Small House Big World


Boondocking Sedona

Anna Edgren • April 21, 2016

This past week I decided to try my hand at boondocking again. Of course I have been boondocking quite a bit over the past year, but it feels a little bit different being alone. And I’m cheating because I was not actually alone – I joined Marshall and Kelly (not THAT Kelly, but a girl named Kelly, who is referred to as K2 to avoid confusion). They found an awesome spot just west of Sedona in Cocochino National Forest. 

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The winner.

There is plenty of free land to settle down on about 15 minutes west of Sedona. Just take Forest Road 525 off of Highway 89A back a few horribly bumpy miles, and you can park with spectacular views of the colorful mountains not far away. 

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The problem with this land is that the road to get to it is very very bumpy and a total washboard. Not AS awful if you’re driving an SUV or even a smaller RV, but with my 38 foot monstrosity plus the car behind, it took me almost 40 minutes to go about 5 miles, wincing the entire time. The best idea? Maybe not, but it was worth it for the views and the company. 

I arrived on a Wednesday, and was almost immediately whisked off to a lovely dinner gathering hosted by Dave and Shannon of 2 Wander Away who were parked close by. Yay socializing time! So nice to make more friends on the road. 

Things were off to a good start, but on Thursday morning about 10 minutes before I was supposed to be on a conference call for work, my generator wouldn’t start. That means no way to charge my phone or laptop. Oh boy. So of course I immediately called Kelly. He always knows what to do in these situations! He has fixed more than one generator problem in his day. He walked me through trying to jump the generator, because I thought the problem may be low batteries. Unfortunately that didn’t work. We did enough troubleshooting that I was felt I was going to be unable to fix it myself.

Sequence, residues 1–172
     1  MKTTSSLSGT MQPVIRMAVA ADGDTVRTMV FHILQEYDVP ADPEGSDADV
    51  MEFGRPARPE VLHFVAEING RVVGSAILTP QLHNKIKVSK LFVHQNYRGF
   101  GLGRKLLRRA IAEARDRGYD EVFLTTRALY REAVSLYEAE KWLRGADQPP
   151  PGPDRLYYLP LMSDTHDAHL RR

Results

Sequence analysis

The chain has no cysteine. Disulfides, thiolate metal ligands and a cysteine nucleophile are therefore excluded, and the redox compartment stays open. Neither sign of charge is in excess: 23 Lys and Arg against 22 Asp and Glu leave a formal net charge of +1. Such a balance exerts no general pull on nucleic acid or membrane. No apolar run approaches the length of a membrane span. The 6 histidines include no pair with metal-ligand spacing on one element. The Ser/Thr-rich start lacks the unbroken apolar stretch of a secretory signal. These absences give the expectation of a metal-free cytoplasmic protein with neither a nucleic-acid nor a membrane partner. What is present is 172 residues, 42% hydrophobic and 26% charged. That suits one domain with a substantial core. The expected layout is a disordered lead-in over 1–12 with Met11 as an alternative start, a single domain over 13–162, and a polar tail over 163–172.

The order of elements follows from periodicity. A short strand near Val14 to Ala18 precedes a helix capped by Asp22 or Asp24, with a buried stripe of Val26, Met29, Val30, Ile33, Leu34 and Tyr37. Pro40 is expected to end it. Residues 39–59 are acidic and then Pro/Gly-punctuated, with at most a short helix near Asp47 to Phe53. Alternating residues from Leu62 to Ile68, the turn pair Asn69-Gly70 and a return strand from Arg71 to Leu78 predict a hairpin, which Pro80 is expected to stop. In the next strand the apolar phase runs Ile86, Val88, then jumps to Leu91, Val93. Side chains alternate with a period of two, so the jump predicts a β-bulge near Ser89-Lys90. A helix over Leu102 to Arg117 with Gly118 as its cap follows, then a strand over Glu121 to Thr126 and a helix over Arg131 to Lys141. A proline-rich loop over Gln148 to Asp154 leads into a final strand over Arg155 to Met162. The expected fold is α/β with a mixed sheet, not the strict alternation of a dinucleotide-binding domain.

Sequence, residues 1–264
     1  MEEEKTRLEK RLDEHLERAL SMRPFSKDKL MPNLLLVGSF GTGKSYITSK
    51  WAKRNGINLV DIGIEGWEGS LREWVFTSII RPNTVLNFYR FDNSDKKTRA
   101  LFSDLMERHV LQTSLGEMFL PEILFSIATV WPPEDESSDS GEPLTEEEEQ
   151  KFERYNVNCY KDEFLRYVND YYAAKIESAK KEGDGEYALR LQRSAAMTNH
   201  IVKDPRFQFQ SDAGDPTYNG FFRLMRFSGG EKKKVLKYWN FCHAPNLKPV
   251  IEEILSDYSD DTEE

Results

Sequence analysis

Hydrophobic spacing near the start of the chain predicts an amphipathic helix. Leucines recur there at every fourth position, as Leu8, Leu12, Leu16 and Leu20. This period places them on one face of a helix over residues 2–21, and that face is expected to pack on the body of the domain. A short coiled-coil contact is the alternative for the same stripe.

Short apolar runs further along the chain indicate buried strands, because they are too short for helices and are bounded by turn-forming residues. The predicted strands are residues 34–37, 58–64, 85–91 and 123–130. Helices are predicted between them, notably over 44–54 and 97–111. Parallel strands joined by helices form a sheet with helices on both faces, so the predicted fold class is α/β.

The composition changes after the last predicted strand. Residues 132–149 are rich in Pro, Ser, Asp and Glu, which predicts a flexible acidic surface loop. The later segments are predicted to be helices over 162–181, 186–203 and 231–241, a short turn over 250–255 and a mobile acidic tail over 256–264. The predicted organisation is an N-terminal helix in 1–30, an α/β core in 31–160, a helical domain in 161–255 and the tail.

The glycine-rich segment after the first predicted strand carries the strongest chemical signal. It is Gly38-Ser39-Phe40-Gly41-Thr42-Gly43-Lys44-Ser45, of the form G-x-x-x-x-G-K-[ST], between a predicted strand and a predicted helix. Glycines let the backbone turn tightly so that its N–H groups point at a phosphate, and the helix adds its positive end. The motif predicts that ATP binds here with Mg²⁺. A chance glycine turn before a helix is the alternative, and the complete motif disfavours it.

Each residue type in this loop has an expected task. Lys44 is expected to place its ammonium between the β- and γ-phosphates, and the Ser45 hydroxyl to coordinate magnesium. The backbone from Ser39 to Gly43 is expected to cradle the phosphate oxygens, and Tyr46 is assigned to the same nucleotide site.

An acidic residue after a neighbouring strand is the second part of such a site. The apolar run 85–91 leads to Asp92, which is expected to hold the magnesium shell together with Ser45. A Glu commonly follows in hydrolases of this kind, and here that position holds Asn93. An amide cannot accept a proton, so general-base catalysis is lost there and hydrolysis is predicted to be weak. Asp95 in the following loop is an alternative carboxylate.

I called a few RV places to see if anyone could look at it right away and thankfully found one that could. Of course they were located about 40 minutes away in normal driving time, so in RV time that was about 1:20, given the state of the dirt road I found myself on. I was NOT excited about driving down that road again, but what can you do?  To be honest what I really want/need is one of these but, until then, just had to grit my teeth and hope nothing else breaks. 

I got to the shop and they were very quick about finding and fixing the problem. This little guy was cracked in half. It is part of the starter for the generator. 

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Also, while I was at the shop I got to play with a kitty, which pleased me greatly.  So at least there’s that. 

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I pick my repair places based on animal-petting opportunities. 

$185 later and with a fully functional generator, I had the pleasure of driving 40 minutes down that damn road again, cursing the whole time. BUT, I made it back, and settled in again, and the generator continues to work just fine.  

So let’s talk about the Sedona area. Beause holy cow.  It’s pretty spectacular. I didn’t get to do half of the things I wanted to do, that’s always how it goes. But I got to take a few lovely hikes and explore some of the fantastic natural beauty. A couple of recommendations if you are nearby:

1. Shaman’s Cave. 

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Click through for the whole story!

2. The Devil’s Kitchen Sinkhole.

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This can be found on Solider’s Pass trail, not far from the trailhead.  It’s difficult to see the size and scale of the sinkhole in this photo, but it’s big and impressive. The pieces of rock that have cracked off the side and fallen into the whole allow you to easily imagine what it must have been like when this particular piece of land decided to take a plunge towards the center of the earth one fine day.